The spectator seemed to be on the field for an eternity in the FA Cup clash between Wimbledon and Ramsgate as the steward struggled…
It was a weekend where everything happened in Australian football. One could make the joke about buses – you wait an hour for one and then two turn up – but given the public transport system (or lack thereof) in this country, it might fall on deaf ears.
On a regular weekend, the debut of the first Australian manager in the world’s biggest football league would have been front and centre, but given events on home soil, it was barely even a footnote.
Indeed, the biggest story coming out of Ange Postecoglou’s first game from an Aussie perspective is that he mentioned wanting to rub a Matildas’ victory over the Lionesses in the faces of his current cohabitants.
Perhaps it would have been more fun to have remained in Scotland, where they are currently trying to forget that England are in any sort of semi-final at all.
On the field, the Premier League was back with…well, given events in the Women’s World Cup, a moderate pop rather than a bang.
We saw 2023/4 end as 2022/3 started, with an Erling Haaland double in a comfortable Man City win, followed by a less comfortable but still pretty convincing Arsenal win, with Bukayo Saka still dominating.
There was a big win for Newcastle, whom nobody has really talked about as contenders but finished in the top four last year, and an unconvincing one for Man United, who discovered that their expensive new keeper’s main skill is apparently that he is invisible to VAR after punching a Wolves player in face and getting away with it.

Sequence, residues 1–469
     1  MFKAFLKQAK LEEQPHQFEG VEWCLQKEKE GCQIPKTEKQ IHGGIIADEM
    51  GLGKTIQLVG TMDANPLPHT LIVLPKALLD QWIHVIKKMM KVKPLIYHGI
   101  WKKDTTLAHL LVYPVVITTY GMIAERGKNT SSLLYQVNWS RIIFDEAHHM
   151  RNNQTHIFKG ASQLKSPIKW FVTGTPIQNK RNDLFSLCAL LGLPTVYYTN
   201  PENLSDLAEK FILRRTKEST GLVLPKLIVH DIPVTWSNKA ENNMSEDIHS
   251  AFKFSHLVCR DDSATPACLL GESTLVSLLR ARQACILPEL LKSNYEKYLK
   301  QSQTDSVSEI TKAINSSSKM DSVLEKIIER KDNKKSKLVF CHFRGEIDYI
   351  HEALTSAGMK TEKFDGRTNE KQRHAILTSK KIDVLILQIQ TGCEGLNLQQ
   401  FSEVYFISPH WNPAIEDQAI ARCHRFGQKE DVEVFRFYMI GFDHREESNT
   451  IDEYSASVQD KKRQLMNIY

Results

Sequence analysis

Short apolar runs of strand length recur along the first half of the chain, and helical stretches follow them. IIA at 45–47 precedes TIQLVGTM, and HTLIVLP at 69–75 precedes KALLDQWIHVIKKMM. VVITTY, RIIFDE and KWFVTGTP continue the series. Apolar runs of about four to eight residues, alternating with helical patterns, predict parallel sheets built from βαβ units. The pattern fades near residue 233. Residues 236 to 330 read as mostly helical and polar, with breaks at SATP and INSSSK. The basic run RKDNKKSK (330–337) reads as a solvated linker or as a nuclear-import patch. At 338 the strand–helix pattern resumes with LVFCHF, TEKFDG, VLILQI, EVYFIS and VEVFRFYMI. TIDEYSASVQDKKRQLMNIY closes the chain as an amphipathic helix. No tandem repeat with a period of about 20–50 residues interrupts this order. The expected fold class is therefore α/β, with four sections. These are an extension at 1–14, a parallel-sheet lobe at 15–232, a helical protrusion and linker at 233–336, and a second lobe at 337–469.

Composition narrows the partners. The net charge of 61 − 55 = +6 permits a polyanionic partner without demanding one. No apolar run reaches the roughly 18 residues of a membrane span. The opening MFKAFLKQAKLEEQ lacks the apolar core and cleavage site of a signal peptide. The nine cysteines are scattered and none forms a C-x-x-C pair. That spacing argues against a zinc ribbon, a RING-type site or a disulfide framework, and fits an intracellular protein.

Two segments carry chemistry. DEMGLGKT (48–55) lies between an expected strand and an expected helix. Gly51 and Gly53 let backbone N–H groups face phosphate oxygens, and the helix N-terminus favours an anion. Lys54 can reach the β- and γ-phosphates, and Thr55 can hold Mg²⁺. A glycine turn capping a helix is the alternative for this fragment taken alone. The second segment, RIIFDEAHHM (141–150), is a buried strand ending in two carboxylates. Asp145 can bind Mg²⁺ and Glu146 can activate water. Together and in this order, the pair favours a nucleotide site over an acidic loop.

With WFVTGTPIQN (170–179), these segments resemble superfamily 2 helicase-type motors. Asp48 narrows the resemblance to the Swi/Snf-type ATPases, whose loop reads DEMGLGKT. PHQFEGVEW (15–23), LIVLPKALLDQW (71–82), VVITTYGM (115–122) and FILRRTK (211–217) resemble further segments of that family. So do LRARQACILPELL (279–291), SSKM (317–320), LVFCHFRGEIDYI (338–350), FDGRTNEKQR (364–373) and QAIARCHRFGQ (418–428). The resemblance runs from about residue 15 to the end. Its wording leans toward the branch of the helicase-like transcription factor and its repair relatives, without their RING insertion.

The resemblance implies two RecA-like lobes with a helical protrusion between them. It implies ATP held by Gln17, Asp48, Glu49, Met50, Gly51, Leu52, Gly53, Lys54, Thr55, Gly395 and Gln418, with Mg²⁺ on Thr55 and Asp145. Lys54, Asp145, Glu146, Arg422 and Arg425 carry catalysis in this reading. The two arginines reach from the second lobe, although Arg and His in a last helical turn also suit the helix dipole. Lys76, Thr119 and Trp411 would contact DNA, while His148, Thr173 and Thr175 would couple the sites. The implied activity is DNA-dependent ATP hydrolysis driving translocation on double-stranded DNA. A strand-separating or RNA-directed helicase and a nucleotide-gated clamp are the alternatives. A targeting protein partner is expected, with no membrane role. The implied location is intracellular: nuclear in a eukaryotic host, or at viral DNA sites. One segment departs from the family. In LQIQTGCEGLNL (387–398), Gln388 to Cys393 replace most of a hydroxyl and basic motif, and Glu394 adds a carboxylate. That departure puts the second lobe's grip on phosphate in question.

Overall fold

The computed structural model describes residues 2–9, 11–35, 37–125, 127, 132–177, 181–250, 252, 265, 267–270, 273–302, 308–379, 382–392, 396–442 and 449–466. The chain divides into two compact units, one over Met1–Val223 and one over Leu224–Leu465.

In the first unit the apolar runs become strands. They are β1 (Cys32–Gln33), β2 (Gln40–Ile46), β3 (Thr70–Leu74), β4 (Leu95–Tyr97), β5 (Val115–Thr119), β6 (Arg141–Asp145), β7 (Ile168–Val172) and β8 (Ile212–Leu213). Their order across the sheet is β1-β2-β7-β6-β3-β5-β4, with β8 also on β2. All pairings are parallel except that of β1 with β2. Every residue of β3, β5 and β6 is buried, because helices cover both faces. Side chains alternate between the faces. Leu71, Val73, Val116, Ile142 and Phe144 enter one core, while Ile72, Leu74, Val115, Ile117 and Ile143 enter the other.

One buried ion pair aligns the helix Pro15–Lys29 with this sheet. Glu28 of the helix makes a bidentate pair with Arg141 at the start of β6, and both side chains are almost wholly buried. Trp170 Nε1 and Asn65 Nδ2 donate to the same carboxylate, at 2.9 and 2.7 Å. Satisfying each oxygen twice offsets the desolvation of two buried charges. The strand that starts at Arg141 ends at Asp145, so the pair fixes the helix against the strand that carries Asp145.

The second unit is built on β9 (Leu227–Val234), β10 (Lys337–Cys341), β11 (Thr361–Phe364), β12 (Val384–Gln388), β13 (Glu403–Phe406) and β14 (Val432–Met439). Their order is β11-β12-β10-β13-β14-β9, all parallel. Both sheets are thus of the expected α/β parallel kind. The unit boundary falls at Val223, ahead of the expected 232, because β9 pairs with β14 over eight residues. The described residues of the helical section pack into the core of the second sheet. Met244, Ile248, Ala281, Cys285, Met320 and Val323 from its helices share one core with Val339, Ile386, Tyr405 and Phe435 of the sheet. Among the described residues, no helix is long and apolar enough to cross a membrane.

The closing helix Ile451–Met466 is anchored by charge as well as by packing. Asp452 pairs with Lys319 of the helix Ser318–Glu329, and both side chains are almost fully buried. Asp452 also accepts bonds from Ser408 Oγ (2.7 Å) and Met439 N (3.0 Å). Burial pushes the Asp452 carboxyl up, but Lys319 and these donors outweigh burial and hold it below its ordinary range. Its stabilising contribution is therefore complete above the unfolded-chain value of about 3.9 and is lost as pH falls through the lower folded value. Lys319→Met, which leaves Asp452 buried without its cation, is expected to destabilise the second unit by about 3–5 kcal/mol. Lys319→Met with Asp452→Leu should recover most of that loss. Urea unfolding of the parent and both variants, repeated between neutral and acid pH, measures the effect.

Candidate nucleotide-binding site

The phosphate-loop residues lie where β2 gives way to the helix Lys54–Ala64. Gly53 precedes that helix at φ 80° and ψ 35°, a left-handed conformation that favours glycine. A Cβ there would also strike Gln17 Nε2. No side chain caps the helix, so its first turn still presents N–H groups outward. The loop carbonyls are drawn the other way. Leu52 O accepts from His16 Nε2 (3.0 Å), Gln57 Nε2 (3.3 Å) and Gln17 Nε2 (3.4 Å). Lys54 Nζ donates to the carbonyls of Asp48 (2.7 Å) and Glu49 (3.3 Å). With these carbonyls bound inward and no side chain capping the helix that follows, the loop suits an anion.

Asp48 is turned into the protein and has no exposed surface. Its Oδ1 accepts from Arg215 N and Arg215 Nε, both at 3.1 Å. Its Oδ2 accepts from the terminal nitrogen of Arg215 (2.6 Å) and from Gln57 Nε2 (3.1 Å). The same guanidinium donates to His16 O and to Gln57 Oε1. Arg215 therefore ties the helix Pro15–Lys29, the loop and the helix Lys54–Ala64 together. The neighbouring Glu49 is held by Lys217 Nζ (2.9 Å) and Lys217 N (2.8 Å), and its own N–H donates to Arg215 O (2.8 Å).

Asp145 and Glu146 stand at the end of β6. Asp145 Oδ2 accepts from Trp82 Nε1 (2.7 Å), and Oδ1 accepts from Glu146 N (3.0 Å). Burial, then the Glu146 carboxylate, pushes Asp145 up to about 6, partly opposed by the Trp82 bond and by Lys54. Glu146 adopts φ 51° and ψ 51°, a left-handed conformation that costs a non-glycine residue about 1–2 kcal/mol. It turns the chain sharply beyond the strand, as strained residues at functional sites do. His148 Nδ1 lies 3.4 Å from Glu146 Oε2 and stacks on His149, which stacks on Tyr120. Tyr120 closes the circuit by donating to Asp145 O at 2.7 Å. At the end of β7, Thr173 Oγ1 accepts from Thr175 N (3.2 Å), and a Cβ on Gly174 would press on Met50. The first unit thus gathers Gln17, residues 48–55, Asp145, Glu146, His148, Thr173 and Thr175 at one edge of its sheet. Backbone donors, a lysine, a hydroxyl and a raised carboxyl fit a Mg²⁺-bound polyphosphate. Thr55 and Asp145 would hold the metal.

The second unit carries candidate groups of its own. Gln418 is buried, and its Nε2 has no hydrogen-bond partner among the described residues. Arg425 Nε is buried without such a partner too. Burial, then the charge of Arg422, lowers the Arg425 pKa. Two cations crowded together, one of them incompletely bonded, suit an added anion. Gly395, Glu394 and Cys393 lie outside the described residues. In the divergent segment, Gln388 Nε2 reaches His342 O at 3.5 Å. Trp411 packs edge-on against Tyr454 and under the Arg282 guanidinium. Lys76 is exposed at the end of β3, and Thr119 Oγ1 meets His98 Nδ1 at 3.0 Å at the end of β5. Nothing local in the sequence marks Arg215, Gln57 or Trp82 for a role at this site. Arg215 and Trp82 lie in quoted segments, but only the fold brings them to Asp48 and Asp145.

Oh, and there was a headline clash between Chelsea and Liverpool that seemed permanently overshadowed by the fact that they are also competing against each other to burn huge piles of cash on defensive midfielders.
By the time you read this, Chelsea will likely have two new players at enormous expense for just one role, and Liverpool will have saved themselves a lot of cash, lost some face, but will likely buy someone better anyway. Silly season is still upon us.
Look, we have to get excited about Ange Postecoglou. He appeared to approach his first game in the Premier League as a statement of intent, making the most Angeball decisions possible at all times.
Inverted fullbacks? Let’s invert them to the point where they’re not really fullbacks at all anymore, just midfielders that used to play in defence. Defence? That will really have to come later. Striker? Lots of running, not a lot of finishing.
The loss of Harry Kane was really all that anyone in England wanted to talk about, but for those of us here who are interested in the manager, there was a lot to love.
Ange is, still, largely unknown to the British football media and this was a demonstration of what he’s trying to do – which, as Aussie fans know, can occasionally come at the detriment of actually winning games of football.
Not that Ange doesn’t win, just that he’s a bloke with serious principles and here are them all right now in front of you. Please get used to them.
Brentford away is a lowkey really hard game – they have one of the best records against top teams around – and Spurs did pretty well. They might have won on another day, but a draw was perfectly fine. Better teams than Tottenham will lose to Brentford this year, one suspects.
Ange is still building and has the thick end of 100 million quid to go out and buy players to fit his system. That won’t be strikers, as Richarlison remains Plan A, but expect a lot of movement.
The golden rule of management is that you get a lot more leeway if you are fun, and Ange is well on the road to that.